Reading speed and comfort drastically improved for people who used backlit e-readers.
PROBLEM: Macular degeneration, the decline of sharp central vision, is the leading cause of vision loss in older adults. As it progresses, they can lose the ability to drive, recognize faces, and pursue one of the simplest of pleasures: reading. As pharmaceutical and surgical interventions are limited in their efficacy, the extent to which this registers as a disability depends on how well patients are able to maximize their remaining eyesight.
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METHODOLOGY: Researchers at Robert Wood Johnson Medical School in New Jersey identified 100 patients with mild to moderate vision loss. The subjects were randomly assigned three different articles from the The New York Times, presented in 10 point font in three mediums: the actual newspaper, a printout from the website, and the Times' iPad2 app. In the second part of the study, they were randomly assigned five different chapters of a text, presented as a printed book, on the iPad2 at 12 and 18 point font, and the Kindle at 12 and 18 point font. For each format, their reading speed was calculated over a period of two minutes, and they were asked which they preferred using.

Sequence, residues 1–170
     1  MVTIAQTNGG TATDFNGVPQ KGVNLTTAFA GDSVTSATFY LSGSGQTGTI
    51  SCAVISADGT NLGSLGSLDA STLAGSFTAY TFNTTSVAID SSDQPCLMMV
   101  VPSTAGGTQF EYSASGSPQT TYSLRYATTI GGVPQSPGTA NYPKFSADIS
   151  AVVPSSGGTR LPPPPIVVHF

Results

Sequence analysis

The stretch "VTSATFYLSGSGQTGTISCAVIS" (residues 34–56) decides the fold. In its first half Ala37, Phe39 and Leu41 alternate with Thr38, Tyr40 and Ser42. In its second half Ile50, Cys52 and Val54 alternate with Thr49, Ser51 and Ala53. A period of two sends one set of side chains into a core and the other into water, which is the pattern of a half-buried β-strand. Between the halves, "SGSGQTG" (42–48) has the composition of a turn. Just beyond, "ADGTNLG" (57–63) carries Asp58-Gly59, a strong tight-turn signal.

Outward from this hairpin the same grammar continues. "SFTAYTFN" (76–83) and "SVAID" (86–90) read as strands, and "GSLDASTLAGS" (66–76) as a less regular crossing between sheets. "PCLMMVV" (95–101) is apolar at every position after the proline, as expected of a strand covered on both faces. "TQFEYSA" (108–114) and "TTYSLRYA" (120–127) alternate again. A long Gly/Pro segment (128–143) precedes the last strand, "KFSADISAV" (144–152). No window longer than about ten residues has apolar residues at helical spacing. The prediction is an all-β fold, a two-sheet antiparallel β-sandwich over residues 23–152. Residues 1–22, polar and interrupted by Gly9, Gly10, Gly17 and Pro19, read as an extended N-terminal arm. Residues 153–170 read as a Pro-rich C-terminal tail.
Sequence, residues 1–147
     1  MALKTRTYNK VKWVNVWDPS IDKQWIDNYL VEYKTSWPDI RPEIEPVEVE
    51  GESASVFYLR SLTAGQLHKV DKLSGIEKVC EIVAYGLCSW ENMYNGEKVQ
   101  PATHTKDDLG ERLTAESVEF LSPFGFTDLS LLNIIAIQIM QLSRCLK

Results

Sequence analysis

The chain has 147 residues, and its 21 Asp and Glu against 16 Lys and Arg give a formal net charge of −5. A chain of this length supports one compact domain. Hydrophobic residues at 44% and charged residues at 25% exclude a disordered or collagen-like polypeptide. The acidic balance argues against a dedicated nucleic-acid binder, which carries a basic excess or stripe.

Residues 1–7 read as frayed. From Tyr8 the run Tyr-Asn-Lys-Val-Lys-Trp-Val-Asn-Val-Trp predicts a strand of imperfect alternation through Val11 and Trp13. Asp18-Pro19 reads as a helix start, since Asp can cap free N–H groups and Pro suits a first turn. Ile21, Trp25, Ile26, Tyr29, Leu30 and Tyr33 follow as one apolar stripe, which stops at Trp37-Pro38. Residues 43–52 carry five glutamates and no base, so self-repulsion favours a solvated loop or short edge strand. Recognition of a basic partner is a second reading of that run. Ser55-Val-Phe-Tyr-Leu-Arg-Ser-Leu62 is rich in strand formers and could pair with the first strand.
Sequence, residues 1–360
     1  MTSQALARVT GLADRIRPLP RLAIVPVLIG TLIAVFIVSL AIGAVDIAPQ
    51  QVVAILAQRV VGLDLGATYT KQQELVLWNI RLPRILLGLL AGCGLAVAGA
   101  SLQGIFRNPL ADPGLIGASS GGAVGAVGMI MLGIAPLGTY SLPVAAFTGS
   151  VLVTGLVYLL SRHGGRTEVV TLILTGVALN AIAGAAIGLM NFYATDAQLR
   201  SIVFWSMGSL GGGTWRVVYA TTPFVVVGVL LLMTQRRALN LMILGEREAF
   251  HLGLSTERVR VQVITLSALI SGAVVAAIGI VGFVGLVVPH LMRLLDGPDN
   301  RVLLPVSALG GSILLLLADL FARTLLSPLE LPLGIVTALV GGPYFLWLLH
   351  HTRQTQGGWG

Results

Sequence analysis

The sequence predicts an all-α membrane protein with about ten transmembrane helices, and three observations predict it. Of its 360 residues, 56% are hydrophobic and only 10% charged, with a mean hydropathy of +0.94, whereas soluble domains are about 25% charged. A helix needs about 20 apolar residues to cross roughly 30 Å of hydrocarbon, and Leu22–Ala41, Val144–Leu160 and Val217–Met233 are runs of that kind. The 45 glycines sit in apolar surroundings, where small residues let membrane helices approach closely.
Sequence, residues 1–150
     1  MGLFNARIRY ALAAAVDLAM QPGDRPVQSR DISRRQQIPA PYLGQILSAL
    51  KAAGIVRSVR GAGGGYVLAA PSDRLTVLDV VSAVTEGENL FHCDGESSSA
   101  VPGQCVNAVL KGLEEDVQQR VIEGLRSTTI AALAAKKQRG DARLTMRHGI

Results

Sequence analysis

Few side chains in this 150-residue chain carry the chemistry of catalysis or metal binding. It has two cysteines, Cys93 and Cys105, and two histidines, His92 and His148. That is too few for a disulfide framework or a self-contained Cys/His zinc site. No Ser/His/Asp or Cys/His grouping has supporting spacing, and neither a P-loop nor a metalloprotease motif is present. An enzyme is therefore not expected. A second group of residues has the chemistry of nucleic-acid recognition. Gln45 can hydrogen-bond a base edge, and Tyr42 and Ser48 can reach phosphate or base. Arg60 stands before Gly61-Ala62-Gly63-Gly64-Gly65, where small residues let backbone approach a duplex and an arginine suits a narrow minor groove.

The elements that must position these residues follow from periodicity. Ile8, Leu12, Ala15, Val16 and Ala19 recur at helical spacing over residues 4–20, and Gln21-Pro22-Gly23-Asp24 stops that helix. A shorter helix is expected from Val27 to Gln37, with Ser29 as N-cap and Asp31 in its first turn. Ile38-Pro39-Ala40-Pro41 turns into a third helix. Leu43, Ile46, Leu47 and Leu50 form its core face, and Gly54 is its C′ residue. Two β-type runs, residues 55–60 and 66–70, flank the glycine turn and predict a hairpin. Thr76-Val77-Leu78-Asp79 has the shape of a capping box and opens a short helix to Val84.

RESULTS: Printing out the articles were associated with a slightly increased reading speed, but the real significant improvements were seen with the iPad2. All of the participants, regardless of their degree of vision loss, improved their reading speed by at least 42 words-per-minute (WPM) when looking at 18 point font on the iPad2. The same font setting on the Kindle yielded an average gain of 12 WPM.